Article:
your children in the art of spelling. Word retrieval may become very
easy when you use this technique.
Use colorized and vibrant letters
to teach spelling. Ask your children to spell as they go through
Use cartoons as
a mean to memorize vocabulary words.
Let your children draw the
meaning of the word. For example, children may draw a picture of tree
when you ask them to write the word “tree”.
Use letter blocks to construct words and letters.
Mastering early math
Tell children about the problem in hand and teach it as a whole rather than
as parts and chunks. If possible, construct a story or theme for the
problem and highlight why learning math could be fun for children.
Use math templates that are visual in nature. Bring home plenty of such
charts to teach basic math.
Ask your children to recite math problem
while they are writing so that the recited part becomes the part of long
Phonics is best learned
with color charts. Pictures and illustrations work best for children who
find learning tedious.
Use longer words that are color and
highlighted. Let your children read a small list of such words.
Phonics is easy to learn along with sounds. Introduce lesson plans with
Mastering basic writing
Before writing, tell your children why it is important to see the whole paper
and not part of it. Let them measure the length and breadth of the paper
in their minds.
Ask them write just two or three words in the
beginning and make a sense out of it. This will enable them with a
technique that helps them to look at the problems in their holistic
Correct the worksheet and make remarks in a separate sheet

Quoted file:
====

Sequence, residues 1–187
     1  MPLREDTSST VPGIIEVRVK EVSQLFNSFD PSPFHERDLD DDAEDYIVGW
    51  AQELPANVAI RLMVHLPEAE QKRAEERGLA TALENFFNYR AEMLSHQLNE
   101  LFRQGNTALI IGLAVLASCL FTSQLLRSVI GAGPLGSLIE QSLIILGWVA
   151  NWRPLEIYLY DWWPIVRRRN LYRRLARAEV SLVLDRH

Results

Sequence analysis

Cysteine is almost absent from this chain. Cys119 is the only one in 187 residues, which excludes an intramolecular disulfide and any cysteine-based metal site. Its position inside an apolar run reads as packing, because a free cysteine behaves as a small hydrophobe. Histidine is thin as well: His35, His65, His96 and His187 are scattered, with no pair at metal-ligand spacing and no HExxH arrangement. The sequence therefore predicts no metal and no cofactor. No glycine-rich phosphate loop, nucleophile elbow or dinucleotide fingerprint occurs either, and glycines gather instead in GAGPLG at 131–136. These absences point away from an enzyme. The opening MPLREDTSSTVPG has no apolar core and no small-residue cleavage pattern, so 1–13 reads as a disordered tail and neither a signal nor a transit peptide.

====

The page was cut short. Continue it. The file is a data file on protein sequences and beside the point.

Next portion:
so that children will read them and understand the meaning.
reproduce smaller chunks of text from a storybook so that they become
experts in writing on a sheet of paper.
Right brain training is a vast field. Its techniques are diverse and what works for your child
may not work others. Hence, you may need to study its basics and simple
training methods. Here are some useful resources for your guidance and
Unicorns Are Real: A Right-Brained Approach to Learning
By Barbara Meister Vitale
This mega-best seller provides
65 practical, easy-to-follow lessons to develop the
much-ignored right-brain tendencies of children. These
simple yet dramatically effective ideas and activities have
helped thousands with learning difficulties. Includes an
easy-to-administer screening checklist for parents and
teachers which enables them identify individual learning
preferences and determine hemisphere dominance.
Learn how to utilize colors,
shapes, movement, visualizations, touch and sound to help
students of all ages learn to read, tell time, add,
subtract, and even spell correctly. Included are engaging
instructional activities that draw on the intuitive,
nonverbal abilities of the right brain, a list of skills
associated with each brain hemisphere, and much more..
Raising a Left-Brain Child in a Right-Brain World: Strategies for Helping Bright, Quirky, Socially Awkward Children to Thrive at Home and at School
By Katharine Beals, Ph.D
Does your child:
intellectual abilities but seem puzzled by ordinary
interactions with other children?
Have deep, all-absorbing
interests or seemingly encyclopedic knowledge of certain
Bring home mediocre report
cards, or seem disengaged at school, despite his or her
If you answered “yes” to these
questions, this book is for you. Author Katharine Beals uses
the term “left-brain” to describe a type of child whose
talents and inclinations lean heavily toward the logical,
linear, analytical, and introverted side of the human
psyche, as opposed to the “right brain,” a term often
associated with our emotional, holistic, intuitive, and
Drawing on her research and interviews with parents and
children, Beals helps parents to discover if they are
raising a left-brain child, and she offers practical
strategies for nurturing and supporting this type of child
at school and at home. Beals also advises parents in how
best to advocate for their children in today's schools,
which can be baffled by and unsupportive of left-brain